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Inventory Planning 101: 5 Tips To Build A Successful Method

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Companies who source, produce, or manufacture raw materials have a responsibility to analyze future demand and decide how much they need to reorder. Commonly referred to as inventory planning, this process can augment a brand’s efforts in demand forecasting while also helping mitigate inventory costs. Generally speaking, effective inventory planning offers a direct route toward less overhead, improved product mix, happier customers, and greater revenue. 

So whether you’re running a small business or managing a multichannel network, developing a solid inventory plan will be essential to your continued profitability and success.

 

What is inventory planning? 

Inventory planning is the process of optimizing inventory levels using demand forecasting to reduce cost. Inventory planning helps companies order the right amount and type of inventory to match consumer demand. 

By having the right SKUs available at the right time, and in the right location, your company can reduce its storage costs, optimize inventory allocation, and avoid both surplus and overstock situations. In other words, a trusted inventory planning approach helps ecommerce businesses meet demand while cutting down on costs at the same time. 

Benefits of inventory planning and inventory control

Warehouse worker checking stocks

Inventory planning (in conjunction with inventory control) is vital to supply chain management, as it helps product-based brands purchase the ideal amount of stock and determine how often to reorder.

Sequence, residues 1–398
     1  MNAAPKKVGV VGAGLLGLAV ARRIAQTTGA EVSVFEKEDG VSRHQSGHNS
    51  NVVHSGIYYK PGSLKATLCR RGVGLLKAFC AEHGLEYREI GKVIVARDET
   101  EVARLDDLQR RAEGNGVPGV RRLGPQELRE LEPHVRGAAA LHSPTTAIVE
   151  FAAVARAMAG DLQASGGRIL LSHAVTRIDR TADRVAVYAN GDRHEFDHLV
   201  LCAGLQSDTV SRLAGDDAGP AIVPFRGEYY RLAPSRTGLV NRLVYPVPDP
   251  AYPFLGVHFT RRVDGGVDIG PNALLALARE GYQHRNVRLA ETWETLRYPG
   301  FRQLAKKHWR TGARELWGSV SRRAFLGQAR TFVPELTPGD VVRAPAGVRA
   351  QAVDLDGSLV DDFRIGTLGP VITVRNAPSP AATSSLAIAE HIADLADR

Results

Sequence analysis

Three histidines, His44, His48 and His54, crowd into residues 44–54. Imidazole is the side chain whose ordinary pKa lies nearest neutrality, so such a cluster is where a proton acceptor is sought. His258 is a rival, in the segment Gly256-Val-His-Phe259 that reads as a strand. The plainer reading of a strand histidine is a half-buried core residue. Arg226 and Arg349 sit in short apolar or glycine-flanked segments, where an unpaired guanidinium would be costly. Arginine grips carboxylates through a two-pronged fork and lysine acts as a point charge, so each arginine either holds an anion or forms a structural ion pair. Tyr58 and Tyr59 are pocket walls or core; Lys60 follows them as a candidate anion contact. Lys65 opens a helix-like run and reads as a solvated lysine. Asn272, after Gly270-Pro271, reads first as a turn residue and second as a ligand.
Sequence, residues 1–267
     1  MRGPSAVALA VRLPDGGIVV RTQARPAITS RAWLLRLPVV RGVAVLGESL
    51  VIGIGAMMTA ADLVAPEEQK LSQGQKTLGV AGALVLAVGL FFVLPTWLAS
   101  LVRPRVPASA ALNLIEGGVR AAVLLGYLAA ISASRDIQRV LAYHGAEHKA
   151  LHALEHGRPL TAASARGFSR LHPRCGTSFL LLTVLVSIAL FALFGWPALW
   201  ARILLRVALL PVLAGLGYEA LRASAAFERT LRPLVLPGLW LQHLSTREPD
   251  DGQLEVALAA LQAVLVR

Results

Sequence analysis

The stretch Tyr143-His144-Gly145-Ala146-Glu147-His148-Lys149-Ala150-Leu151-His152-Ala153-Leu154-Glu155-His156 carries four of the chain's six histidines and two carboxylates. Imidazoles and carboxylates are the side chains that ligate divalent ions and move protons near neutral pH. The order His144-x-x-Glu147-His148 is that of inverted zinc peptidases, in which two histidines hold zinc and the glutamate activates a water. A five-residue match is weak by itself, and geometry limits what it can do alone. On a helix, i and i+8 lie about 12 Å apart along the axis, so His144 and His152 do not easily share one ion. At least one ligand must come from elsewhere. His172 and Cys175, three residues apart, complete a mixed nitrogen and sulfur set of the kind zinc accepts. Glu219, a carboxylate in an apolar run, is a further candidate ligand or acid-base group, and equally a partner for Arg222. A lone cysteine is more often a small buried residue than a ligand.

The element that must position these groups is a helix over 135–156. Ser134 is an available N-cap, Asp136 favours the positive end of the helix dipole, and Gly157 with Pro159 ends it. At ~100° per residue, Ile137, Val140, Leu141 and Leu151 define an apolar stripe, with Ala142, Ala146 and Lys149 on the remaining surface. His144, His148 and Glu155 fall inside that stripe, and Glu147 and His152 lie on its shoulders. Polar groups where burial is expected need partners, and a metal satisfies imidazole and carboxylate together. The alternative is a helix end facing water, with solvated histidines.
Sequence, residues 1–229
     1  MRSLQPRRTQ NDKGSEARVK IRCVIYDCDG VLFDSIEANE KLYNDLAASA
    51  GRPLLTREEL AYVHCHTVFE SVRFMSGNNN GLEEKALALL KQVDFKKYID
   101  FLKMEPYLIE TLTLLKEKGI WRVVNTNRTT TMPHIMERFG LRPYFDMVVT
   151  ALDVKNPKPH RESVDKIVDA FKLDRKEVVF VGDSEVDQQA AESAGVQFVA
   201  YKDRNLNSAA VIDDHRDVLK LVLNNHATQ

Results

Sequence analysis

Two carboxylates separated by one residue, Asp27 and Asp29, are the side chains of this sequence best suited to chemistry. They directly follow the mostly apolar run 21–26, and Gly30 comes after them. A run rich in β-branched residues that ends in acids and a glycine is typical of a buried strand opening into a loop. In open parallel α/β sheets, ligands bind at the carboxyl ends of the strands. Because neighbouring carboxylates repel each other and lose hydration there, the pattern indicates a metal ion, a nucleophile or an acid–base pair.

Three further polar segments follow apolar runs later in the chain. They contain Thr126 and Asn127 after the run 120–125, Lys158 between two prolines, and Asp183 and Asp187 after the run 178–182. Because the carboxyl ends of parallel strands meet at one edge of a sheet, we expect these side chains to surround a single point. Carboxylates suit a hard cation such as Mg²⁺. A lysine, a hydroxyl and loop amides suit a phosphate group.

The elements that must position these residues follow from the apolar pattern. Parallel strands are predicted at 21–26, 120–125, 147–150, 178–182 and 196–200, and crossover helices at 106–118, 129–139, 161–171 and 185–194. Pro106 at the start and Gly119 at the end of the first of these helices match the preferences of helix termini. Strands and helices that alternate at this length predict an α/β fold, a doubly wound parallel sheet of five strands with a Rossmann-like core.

The best inventory planning strategies make sure to incorporate demand forecasting — that is, creating predictions for anticipated customer demand, which then informs your ongoing replenishment schedules. When done right, inventory planning streamlines your supply chain, prevents overselling, minimizes stockouts, and supports a more efficient cashflow, as well.

Inventory planning optimizes your supply chain 

With the help of inventory planning, your company can guarantee its raw materials, work-in-progress items, and finished goods easily move from the source to the end consumer. That’s because dedicated inventory planning can assist your business in buying the right amount of stock, meaning it reinforces a steady supply chain workflow.

More succinctly, inventory planning limits bottlenecks and oversights, and instead ensures the manufacturing or production of specific goods is always moving along at the proper pace (without any abrupt interruptions or delays).

Inventory planning helps avoid overselling 

Overselling can occur when an online store receives a customer order for a product that’s actually unavailable within their current stock levels. Sometimes, overselling is the result of recordkeeping errors — especially if inventory audits or analysis are conducted manually. Fortunately, inventory planning helps retailers avoid overselling altogether, by leveraging inventory forecasting for more accurate predictions of future demand. 

In that way, inventory planning makes sure you have enough inventory on hand at any given time. Ultimately this results in enhanced customer satisfaction, since shoppers can trust your company to have whatever they need, whenever they need it.

Inventory planning minimizes stockouts 

Stockouts are often initiated by fluctuating customer demand, inaccurate forecasts, and varying lead times from your suppliers. But regardless of why they happen, stockouts are certainly something to fend off as much as possible. Because inventory planning works together with demand forecasting, you can largely offset the risk of encountering stockout situations. 

On top of that, inventory planning can also help you maintain a healthy amount of safety stock; in the event consumer demand spikes or lead times are pushed back, safety stock acts as a buffer of sorts (so you can still follow through on your fulfillment schedule). 

Inventory planning supports more efficient cashflow